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Prophet Muhammad (s.a.w.): Away from Extreme Views

Posted by on Mar 8th, 2010 and filed under Seerah. You can follow any responses to this entry through the RSS 2.0. You can leave a response or trackback to this entry

Prophet Muhammad - 1:

Away from extreme views

By ADIL SALAHI | ARAB NEWS

Published: Feb 14, 2010 9:50 PM Updated: Feb 14, 2010 9:50 PM

Perhaps no historical character has been subjected to vile criticism, false accusations and fabricated assertions by his opponents than Prophet Muhammad (peace be upon him). Yet no one has been the recipient of more profound and genuine love and respect than him.

Both love and hostility linger on, and are nurtured despite the fact that 14 centuries have passed since Muhammad had departed this world. Neither feeling would have lingered had Muhammad been an ordinary person, or had his contribution to human life been of temporary nature.

Today we see both feelings surfacing in different ways and shapes, in areas of our world that are wide apart, and among people of different races, cultures, beliefs and life perspectives. Books like Salman Rushdie’s Satanic Verses, the Danish cartoons, as well as videos and websites dedicated to attack Islam and its Prophet are manifestations of the hostile trend. The large demonstrations that swept the Muslim world against such productions symbolize the deep seated love Muslims feel toward Muhammad, God’s last messenger.

Yet both types of manifestation are extreme, held by small sections of Muslims and non-Muslims. Before the beginning of the 21st century, the great majority of non-Muslims did not take much interest in Islam or its Prophet, despite sustained efforts, over the last third of the 20th century, to distort the image of Islam and to associate it with terrorism. On the other hand, most Muslims today follow the traditional way in their approach to their faith and to the man who delivered its divine message.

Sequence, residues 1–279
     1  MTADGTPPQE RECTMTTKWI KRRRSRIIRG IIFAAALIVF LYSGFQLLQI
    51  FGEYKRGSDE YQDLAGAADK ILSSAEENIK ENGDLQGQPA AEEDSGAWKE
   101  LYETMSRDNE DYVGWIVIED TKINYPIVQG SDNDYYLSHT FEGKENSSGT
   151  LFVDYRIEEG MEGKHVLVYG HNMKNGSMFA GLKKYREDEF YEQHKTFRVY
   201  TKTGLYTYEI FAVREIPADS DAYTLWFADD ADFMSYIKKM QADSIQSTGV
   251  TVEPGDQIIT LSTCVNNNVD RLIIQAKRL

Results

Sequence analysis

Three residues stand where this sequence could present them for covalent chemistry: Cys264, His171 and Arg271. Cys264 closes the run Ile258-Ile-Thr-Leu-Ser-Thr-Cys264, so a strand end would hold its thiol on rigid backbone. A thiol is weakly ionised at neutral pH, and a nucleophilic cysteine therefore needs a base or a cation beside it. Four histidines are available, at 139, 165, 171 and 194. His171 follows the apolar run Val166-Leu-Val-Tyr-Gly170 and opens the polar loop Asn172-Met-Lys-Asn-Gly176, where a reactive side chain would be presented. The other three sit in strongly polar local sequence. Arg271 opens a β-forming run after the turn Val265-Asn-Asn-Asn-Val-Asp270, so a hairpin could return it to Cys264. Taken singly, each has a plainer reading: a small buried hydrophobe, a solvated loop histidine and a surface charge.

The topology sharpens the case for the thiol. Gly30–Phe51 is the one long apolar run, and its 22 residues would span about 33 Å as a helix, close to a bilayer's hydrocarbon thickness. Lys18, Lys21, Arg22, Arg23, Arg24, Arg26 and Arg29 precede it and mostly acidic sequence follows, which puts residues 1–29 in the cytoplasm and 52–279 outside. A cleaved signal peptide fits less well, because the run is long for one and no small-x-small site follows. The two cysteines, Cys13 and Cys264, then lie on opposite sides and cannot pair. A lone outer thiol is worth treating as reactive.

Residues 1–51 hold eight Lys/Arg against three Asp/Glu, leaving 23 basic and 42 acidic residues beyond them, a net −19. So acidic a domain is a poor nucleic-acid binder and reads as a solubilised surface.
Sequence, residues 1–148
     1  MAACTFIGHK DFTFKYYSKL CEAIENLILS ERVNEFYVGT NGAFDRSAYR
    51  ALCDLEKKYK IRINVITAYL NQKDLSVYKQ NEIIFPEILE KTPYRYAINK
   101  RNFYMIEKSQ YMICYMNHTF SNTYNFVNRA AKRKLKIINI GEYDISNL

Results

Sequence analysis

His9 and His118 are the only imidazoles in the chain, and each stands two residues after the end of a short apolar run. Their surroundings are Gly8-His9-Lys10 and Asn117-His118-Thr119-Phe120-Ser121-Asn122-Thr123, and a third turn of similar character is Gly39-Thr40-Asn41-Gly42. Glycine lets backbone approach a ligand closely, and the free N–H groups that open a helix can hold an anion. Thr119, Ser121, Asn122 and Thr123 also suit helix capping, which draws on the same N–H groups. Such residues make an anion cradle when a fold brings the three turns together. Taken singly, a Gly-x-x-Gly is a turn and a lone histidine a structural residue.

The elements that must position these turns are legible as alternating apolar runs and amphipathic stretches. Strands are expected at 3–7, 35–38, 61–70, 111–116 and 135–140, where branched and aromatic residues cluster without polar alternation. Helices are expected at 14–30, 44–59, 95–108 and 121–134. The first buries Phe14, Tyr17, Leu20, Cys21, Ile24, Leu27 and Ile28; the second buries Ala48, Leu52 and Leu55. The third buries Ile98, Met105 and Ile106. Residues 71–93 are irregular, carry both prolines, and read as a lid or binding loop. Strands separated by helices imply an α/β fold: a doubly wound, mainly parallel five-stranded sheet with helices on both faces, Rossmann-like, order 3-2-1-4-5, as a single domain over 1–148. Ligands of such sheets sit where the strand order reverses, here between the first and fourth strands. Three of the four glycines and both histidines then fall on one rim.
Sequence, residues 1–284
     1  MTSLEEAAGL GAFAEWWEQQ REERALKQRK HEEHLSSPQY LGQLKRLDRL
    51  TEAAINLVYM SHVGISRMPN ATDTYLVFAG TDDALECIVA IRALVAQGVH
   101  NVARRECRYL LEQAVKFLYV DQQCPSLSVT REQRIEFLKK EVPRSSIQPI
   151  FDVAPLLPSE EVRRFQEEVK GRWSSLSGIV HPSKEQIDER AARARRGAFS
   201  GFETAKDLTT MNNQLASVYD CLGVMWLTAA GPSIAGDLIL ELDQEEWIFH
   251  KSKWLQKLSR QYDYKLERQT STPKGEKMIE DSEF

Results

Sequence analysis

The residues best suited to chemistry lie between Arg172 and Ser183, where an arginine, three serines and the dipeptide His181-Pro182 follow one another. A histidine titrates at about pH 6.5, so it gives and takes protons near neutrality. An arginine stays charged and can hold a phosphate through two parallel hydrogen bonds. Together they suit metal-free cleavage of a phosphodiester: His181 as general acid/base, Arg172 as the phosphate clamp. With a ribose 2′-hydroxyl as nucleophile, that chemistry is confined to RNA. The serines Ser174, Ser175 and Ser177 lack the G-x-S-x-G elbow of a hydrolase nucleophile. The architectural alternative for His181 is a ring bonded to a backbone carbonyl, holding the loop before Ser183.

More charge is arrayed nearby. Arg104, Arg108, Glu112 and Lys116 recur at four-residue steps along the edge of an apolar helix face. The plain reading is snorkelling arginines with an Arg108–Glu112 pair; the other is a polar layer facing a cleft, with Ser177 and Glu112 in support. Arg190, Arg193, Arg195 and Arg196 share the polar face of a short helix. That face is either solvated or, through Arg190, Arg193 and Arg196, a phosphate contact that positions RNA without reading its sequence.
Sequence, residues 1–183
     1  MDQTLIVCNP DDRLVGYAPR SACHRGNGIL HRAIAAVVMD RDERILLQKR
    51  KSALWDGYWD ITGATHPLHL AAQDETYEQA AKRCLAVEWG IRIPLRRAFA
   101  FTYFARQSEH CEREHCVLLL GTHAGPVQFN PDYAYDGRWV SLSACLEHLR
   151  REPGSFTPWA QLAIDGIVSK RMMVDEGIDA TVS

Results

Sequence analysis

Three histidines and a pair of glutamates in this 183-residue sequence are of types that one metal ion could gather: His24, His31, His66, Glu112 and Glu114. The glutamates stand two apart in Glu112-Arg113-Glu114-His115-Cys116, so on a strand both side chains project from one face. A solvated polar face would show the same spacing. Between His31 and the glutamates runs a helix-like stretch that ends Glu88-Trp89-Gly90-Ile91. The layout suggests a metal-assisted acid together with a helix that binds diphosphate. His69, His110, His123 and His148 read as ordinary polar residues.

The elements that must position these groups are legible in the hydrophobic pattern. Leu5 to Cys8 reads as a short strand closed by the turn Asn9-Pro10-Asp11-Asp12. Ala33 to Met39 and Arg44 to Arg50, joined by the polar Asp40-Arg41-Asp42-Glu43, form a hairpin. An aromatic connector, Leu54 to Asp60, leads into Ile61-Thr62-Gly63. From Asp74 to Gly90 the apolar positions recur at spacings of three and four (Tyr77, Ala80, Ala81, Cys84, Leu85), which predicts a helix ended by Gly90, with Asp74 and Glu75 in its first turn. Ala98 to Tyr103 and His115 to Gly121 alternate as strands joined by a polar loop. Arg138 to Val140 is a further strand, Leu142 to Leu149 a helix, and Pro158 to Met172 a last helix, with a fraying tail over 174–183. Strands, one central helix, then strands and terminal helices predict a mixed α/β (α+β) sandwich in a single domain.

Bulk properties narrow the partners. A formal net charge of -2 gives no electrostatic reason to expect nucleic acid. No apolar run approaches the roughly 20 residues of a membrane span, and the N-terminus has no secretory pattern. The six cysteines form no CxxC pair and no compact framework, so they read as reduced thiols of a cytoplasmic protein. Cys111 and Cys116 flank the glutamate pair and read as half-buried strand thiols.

Extreme tendencies are hardly appropriate in any generation, let alone in our modern world with its easy and varied ways of communication. By nature, they remain confined within certain areas and among small communities. However, they sometimes acquire a self-energizing force that gives them speedily increasing momentum, and they can stage sweeping revolutions. The end result is almost always a negative one.

When we study the history of Islam and the life of Prophet Muhammad (peace be upon him), we clearly see that his approach was a very moderate one, seeking to win hearts and influence minds and ways of thinking. He never promised anyone any type of material gain. He never sought to achieve supremacy for any class, race, tribe or community. Even the least privileged individual was, to him, a person who had every right to learn of God’s message and to make a choice whether to accept or reject it.

Muhammad’s community is described in the Qur’an as ‘the middle community’, to stress its central role in the life of humanity and its moderate approach. Yet Islam is uncompromising in establishing the truth and defending it. It accepts no injustice, no matter who is the perpetrator. It tells its followers that they must always maintain justice, even with their enemies: “Believers, be steadfast in your devotion to God, bearing witness to the truth in all equity. Never allow your hatred of any people to lead you away from justice. Be just, this is closer to righteousness.” (5: 8)

Steering away from all types of extremity, we will be publishing a series of articles that highlight the true character of Prophet Muhammad (peace be upon him). We hope that this will help our non-Muslim readers to understand our view of him. It will also help Muslims to formulate a better understanding of God’s last messenger and why they should follow his guidance in all aspects of life.

Prophet Muhammad - 2:

Born into a very noble family

By ADIL SALAHI | ARAB NEWS

Published: Feb 14, 2010 9:50 PM Updated: Feb 14, 2010 9:50 PM

Muhammad (peace be upon him) was born in Makkah at the beginning of the last third of the sixth century. At that time, the world generally was in a miserable state, as if general collapse was about to overwhelm everything. Nowhere in the world was there a coherent faith or a solid system under which a community and a state could prosper.

The two superpowers, the Byzantine and the Persian empires, were on the verge of collapse. In Byzantium, the Christian faith was no longer the guiding light. In fact, its intellectuals were engaged in endless, futile debates about everything real or imaginary. Its power, in land and sea, had weakened. Commanding vast areas of land, it could only maintain its rule by leaving its different provinces in a state of practical autonomy. Muslims were soon to deprive it of most of its provinces in Asia and North Africa.